Friday, August 19, 2011

Retro Reviews: Ico

Ico was released in 2001 developed by Team Ico and published by Sony Computer Entertainment.

Ico is a fairly unique game all things considered. In an era of a game presentation becoming more and more complicated, Ico was presented as something relatively minimalist and spartan while giving those who played it a wholly immersive experience that attains an experience that many story-driven games wish they could reach.

Ico is about a boy born with horns, which is considered a bad omen by the people of his village. As a means of removing the omen from the village he is taken by his people to an ancient castle where he is placed in a sarcophagus as a sacrifice of some sort to the ruler of the castle, The Queen. After a quake causes Ico's tomb to crash to the floor, he manages to escape from it and starts looking for an escape from the castle. Soon after he runs across a mysterious girl locked in a cage and frees her. Unfortunately they do not speak the same language but Ico is determined to help the girl, Yorda, also escape from whatever fate she is to face in the castle.

It won't be an easy task as the castle Ico and Yorda are in is ancient, decrepit and filled with puzzles. Not only that, the Queen's minions, shadows, will try to steal Yorda away from Ico to take her back to the Queen. It will be up to Ico to not only fight off the shadows but to lead Yorda through the hazards of castle as well.

The best way I can describe the gameplay would be a somewhat simplified take on 3D Zelda. While not based around collecting keys or items and generally being more linear the use of block puzzles and pulling switches to alter the environment always give me that Zelda feel. Your basic goal is to guide Yorda from one location as another. Sometimes she can be used as a temporary weight but most of the time you just have to make sure not to get too far way from her for if you do, shadows will come. The biggest problem with Yorda is that Ico has to lead her by the hand up and over obstacles though occasionally her limited path finding abilities will have her climb up things and save you the hassle of leading her. She has a tendency to stray but she won't ever go to far and will usually come back if Ico gives her a call.

The battle system in Ico is also very simple. Since Ico obviously isn't a trained fighter what he has for a fighting style is more or less flailing around with whatever weapon he has at the time. It works for the most part but until you get access to swords later in the game, it takes a long time to kill the shadows with the 2x4 you find all over the place and the enemies can swarm you making it difficult to get to Yorda if she is taken to a location far from you. Though to be fair the fighting is not really a focus of Ico, even it is a common occurrence.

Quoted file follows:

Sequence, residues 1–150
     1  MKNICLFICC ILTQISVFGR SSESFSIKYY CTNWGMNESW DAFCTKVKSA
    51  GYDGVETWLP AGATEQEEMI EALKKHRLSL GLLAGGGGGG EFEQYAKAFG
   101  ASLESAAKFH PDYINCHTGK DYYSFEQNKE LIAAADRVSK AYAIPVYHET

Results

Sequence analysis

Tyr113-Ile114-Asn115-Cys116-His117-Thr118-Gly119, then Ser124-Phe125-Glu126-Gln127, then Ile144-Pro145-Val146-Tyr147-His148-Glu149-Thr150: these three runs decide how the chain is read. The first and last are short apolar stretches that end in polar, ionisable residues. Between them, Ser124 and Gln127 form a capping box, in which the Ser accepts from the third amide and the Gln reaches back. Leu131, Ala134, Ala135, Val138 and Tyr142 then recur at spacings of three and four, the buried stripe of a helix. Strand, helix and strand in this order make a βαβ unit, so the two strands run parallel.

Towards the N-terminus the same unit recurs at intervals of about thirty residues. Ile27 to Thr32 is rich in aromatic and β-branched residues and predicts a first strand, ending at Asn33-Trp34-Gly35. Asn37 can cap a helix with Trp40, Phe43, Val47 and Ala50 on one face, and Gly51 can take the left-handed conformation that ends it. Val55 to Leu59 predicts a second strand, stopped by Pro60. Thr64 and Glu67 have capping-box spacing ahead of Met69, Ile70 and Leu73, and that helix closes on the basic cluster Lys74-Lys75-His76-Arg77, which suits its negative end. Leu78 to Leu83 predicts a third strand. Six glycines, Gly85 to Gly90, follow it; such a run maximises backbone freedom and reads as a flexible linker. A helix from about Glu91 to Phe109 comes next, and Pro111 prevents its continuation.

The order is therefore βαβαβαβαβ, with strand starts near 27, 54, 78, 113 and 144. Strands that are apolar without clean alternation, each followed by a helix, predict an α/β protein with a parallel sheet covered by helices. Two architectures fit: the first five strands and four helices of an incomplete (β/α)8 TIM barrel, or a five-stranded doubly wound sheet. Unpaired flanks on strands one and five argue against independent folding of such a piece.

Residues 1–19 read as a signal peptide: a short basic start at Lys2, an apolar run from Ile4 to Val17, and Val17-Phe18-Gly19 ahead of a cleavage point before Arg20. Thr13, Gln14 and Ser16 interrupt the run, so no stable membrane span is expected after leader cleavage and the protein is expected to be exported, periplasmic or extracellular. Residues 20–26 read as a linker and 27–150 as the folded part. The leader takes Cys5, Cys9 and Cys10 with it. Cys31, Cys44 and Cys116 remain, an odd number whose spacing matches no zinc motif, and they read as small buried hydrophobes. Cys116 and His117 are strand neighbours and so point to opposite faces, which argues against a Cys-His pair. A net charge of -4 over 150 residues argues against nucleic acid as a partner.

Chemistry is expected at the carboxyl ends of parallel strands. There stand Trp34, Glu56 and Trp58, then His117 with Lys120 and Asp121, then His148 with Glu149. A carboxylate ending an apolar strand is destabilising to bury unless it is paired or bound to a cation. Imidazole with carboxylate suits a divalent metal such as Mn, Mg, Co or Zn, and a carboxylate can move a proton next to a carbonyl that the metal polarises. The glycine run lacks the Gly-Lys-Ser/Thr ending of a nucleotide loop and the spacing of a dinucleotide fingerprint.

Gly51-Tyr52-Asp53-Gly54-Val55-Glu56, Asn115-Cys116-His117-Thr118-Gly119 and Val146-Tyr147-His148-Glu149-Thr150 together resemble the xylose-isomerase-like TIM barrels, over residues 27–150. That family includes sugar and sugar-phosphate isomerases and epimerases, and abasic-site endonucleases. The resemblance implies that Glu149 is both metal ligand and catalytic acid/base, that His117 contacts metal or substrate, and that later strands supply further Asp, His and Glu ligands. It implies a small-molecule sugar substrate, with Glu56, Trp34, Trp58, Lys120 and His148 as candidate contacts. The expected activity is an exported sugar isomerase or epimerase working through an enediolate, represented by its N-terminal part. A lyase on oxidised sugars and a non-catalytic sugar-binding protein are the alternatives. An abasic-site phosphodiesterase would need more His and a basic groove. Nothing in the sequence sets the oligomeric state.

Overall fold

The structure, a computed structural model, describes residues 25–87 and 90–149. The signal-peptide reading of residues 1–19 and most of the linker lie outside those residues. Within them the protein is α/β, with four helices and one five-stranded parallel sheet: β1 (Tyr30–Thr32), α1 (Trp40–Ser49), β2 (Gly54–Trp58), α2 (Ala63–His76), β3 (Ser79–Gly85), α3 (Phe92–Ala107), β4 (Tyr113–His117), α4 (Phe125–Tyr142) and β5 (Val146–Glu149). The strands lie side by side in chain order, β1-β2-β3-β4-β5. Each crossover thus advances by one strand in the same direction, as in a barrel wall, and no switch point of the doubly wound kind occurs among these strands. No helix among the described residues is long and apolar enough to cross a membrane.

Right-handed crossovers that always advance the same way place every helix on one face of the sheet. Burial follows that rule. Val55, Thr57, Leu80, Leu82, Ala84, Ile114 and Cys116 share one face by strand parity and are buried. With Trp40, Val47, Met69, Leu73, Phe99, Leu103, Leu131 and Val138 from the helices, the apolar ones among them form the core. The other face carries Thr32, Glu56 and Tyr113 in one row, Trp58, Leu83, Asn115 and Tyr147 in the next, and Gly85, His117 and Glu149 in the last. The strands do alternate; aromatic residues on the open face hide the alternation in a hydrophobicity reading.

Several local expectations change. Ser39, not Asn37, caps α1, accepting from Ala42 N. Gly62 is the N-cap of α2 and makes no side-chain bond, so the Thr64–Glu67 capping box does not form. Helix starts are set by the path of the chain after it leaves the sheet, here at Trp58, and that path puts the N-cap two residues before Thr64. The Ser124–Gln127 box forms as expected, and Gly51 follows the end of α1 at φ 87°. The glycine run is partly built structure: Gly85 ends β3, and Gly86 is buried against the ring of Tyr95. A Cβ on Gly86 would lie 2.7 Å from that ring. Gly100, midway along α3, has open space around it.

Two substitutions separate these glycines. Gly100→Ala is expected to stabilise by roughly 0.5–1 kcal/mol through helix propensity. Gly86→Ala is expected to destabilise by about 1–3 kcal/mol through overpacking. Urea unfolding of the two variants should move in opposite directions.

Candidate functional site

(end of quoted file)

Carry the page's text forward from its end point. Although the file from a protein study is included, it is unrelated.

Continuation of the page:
Simplicity is also a fixture of Ico's graphics. While beautiful to look at the surroundings are stark, perfectly fitting a long abandoned castle. This makes for a very atmospheric game that doesn't overload the senses with a ton of graphical effects, outside of generous bit of bloom lighting.

There are some signs of the game's origins as a Playstation title especially in Ico and Yorda's movements. There is something about how their models are built and animated that sometimes feel like they just upgrades from how it was on Playstation. There is a ragdoll style effect that is especially noticeable on Ico. Just makes him weirdly gangly despite not being particularly tall for a kid his age.

The music in the game is also appropriately spartan. The songs that are there are memorable especially the credits theme and the weird music that plays when the shadows attack adds tension to the scene. The rest of the background music is environmental sounds that further add to the atmosphere of the world. The voice acting for the game, the small amount there is, does the job well but since the game isn't in English and features I think two made up languages it is hard to judge.

In the end, Ico is a over-looked but classic early PS2 game. And the reason why I review it now is that the Ico/Shadow of the Colossus Collection comes out for the PS3 next month. It'll not only be in HD but us in North America will get the better version that was released in Europe and Japan with extras. Frankly I can't wait. And this will hopefully lead up to Team Ico's next game, The Last Guardian finally getting its release next year. And hopefully like its predecessors will provide an engrossing story through its gameplay rather than overabundance of cut scenes.

+ Very immersive atmosphere
+ Great puzzle design
+ Sparse and gorgeous environments
+ Lack of interrupting cut scenes keep things immersive
+ Beautiful credit theme
- Very short
- Some remnants of Playstation origins evident.

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